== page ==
It’s hard to be in a relationship where you are trying to be there for someone but seems like they don’t actually need your presence. It’s like they tell you to go away when all they wanted was for you to stay and always be there. It may sound complicated, but for most people with Graves’ disease, their relationship can be put at risk if they don’t start acting on it.
The lesson you can get from the situation where the disease is present in your significant other is that things can change in an instant. You might experience a lot of emotional stress out of nowhere because you are trying to figure out your partner’s emotional struggle as well. Being with someone that suffers from the autoimmune disorder is a big challenge that can either teach you to push through with the situation or you just give up. Either way, both of the results can cause too many sufferings and heartaches.
Apart from being the center of your partner’s energy, you become the fortress of yourself too. The only way you can understand your significant other’s condition is by embracing the hardships it can cause in your relationship. By that, you have to become considerate enough not only for your partner but also for yourself. You need to understand that loving someone that has this kind of situation requires your full support. The disease requires you to make extreme adjustments for you to be able to lend a hand.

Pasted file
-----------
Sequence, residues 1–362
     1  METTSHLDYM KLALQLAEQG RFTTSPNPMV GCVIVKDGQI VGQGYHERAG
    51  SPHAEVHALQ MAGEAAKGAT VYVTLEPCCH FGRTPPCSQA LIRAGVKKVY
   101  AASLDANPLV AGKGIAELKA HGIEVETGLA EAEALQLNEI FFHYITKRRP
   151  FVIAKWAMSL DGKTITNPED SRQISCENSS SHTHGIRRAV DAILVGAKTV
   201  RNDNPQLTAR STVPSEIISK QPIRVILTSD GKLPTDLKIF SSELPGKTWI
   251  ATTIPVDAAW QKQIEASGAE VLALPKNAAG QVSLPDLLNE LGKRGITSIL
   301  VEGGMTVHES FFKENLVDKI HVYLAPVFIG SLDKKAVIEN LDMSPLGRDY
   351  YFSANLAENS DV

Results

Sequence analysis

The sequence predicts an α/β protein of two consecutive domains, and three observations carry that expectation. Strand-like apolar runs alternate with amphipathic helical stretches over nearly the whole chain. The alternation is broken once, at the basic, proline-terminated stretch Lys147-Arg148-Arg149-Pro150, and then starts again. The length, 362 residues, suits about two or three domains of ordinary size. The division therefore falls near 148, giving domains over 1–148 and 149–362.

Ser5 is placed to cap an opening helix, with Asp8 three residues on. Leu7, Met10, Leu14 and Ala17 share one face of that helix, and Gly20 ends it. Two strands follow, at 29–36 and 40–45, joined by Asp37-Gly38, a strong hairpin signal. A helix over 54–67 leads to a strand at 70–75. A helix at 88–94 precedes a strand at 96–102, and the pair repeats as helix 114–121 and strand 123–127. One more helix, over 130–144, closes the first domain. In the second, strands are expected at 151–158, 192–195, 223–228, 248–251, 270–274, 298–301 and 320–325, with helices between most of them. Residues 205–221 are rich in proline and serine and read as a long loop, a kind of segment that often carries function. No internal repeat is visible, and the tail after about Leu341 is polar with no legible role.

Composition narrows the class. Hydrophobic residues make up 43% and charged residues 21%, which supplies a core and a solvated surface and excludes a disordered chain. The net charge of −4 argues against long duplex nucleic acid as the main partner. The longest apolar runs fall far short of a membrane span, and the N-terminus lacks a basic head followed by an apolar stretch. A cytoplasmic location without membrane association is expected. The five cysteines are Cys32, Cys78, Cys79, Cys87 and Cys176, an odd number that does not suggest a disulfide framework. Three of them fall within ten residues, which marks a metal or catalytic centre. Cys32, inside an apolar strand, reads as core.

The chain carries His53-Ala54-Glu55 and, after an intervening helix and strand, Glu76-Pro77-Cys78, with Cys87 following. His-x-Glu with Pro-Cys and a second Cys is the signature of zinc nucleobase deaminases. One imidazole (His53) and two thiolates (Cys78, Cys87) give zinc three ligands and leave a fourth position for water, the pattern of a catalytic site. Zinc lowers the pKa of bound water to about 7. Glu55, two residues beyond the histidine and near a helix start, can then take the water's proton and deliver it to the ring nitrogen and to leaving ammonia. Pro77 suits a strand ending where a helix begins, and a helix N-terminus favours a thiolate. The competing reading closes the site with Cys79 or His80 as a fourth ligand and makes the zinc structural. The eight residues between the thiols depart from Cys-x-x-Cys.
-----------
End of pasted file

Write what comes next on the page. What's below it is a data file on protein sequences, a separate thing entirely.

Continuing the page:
The Difficult Part
The thing that you can consider as the most challenging part of living with someone who has Graves’ disease is seeing your partner suffer from it. It’s where you can honestly do nothing about his or her condition. It pains to know that all the changes that might happen are due to the disorder but you can never complain about it. It’s like you’re stuck with someone that you love who turns out to become a different person in just a matter of seconds. It feels like there’s not enough effort that can show your significant other that you indeed care about both your situations. There are tons of back and forth, and sometimes it just makes you feel uncomfortable, weak and lost.
You might think about how the disease is affecting your relationship and how it changes your partner into someone you don’t want him or her to become. But thinking about the struggle they have, they don’t want this either. The truth is, they don’t want to hurt you, but they know they’re actually doing it. They also know that they can’t do anything about it, which makes it more complicated on their part.
Appreciating and accepting someone you love who is suffering from Graves’ disease is the best thing you can do. I know it will be a tough decision to make, but when you know that your significant other is worth the effort and that your presence is their only way to get stronger, you’ll eventually learn to adapt and see things from a different perspective.
Here are some statements that you need to learn from therapists:
- “A good partner also is honest, respectful, loyal, forgiving and humble.” – Jenifer Hope, LCPC
- “Trust issues are developed from pain in prior relationships.” – Rabbi Shlomo Slatkin MS, LCPC
- “What’s important here is allowing yourself to feel the pain of rejection without getting stuck or avoiding how you feel.” – Rachel Dack, MC, LCPC